A performance at New York's Rockefeller Center introduced EWF to Clive Davis, then President of Columbia Records. Davis loved what he saw and bought their contract from Warner Bros. With Columbia Records, debuting with the 1972 album Last Days And Time, the group slowly began to build a reputation for innovative recordings and exciting, live shows, complete with feats of magic (floating pianos, spinning drum kits, vanishing artists) engineered by Doug Henning and his then-unknown assistant David Copperfield. Their first gold album, Head To The Sky, peaked at number 27 pop in the summer of 1973, yielding a smooth tangy cover of "Evil" and the title track single. The first platinum EWF album, Open Our Eyes, whose title track was a remake of the classic originally recorded by Savoy Records group the Gospel Clefs, included "Mighty Mighty" (number four R&B) and "Kalimba Story" (number six R&B).


    Maurice once again shared a label roster with Ramsey Lewis, whose Columbia debut Sun Goddess, was issued in December 1974. The radio-aired title track was released as a single under the name Ramsey Lewis and Earth, Wind & Fire. It went to number 20 R&B in early 1975. The Sun Goddess album went gold, hitting number 12 pop in early 1975. Maurice had also played on Lewis' other high-charting album, Wade In The Water; the title track single peaked at number three R&B in the summer of 1966.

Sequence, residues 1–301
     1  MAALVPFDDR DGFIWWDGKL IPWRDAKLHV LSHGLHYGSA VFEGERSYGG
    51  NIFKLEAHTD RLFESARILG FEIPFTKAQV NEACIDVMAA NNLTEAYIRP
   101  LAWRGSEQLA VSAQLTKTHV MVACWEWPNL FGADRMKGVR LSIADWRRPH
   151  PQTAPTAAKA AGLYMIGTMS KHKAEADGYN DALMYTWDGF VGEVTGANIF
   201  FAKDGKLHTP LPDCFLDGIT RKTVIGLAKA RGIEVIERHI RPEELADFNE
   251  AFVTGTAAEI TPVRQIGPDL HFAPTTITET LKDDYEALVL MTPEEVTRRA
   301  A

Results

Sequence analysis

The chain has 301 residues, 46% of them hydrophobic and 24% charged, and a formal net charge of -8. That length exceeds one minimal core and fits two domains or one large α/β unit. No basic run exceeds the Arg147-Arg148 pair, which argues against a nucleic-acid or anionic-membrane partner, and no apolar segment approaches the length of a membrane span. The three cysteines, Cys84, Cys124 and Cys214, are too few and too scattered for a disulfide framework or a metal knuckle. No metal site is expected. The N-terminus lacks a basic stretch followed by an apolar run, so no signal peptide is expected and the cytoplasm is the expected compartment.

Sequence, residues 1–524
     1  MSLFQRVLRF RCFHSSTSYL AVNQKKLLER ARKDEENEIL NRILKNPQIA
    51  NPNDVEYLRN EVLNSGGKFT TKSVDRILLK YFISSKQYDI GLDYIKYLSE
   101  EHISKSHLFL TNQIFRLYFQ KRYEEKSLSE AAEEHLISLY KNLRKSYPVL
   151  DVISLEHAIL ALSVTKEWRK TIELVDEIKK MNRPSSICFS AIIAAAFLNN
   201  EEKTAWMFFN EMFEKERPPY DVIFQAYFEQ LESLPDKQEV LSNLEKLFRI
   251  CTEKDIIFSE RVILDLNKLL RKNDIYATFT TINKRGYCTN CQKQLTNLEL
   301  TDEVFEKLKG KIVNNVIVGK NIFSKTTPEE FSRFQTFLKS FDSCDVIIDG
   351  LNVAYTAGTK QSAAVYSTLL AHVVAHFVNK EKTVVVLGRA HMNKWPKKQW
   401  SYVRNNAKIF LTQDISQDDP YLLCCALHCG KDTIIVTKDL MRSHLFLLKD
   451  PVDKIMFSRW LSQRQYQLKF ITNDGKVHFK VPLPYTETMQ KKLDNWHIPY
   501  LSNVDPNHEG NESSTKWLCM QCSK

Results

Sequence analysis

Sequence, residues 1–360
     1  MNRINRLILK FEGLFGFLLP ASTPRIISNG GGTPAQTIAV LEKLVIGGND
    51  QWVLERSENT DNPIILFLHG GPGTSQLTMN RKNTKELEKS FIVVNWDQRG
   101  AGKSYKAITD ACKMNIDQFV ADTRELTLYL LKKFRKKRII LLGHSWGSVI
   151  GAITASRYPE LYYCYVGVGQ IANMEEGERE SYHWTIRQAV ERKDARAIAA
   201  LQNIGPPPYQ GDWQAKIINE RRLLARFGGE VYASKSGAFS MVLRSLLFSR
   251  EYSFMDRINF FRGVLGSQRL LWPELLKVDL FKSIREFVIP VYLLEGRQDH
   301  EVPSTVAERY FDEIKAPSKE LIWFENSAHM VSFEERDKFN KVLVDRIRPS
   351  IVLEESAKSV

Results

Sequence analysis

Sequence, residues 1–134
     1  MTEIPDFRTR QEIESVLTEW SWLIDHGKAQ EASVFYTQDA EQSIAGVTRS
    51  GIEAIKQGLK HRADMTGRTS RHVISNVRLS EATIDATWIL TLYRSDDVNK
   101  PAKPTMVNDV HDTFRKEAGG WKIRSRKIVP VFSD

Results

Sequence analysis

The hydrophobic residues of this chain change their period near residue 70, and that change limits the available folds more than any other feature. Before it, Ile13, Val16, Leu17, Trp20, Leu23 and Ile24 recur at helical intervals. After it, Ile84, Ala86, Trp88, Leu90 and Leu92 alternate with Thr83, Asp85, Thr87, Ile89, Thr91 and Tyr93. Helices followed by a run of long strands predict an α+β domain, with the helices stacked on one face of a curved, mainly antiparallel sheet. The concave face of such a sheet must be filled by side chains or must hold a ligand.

The inspiration for "Shining Star" (one of EW&F's most beloved singles) was gleaned from thoughts Maurice had during a walk under the star-filled skies that surrounded the mountains around Caribou Ranch, CO a popular recording site and retreat during the '70s. The track was originally included in the 'That's The Way Of The World' movie that starred Harvey Keitel and was produced by Sig Shore (Superfly). "Shining Star" glittered at number one R&B for two weeks and hit number one pop in early 1975. It was included on their 1975 multi-platinum album That's The Way Of The World that held the number one pop spot for three weeks in Spring 1975 and earned them their first Grammy Award. The title track single made it to number five R&B in summer of 1975. It also yielded the classic ballad "Reasons," an extremely popular radio-aired album track.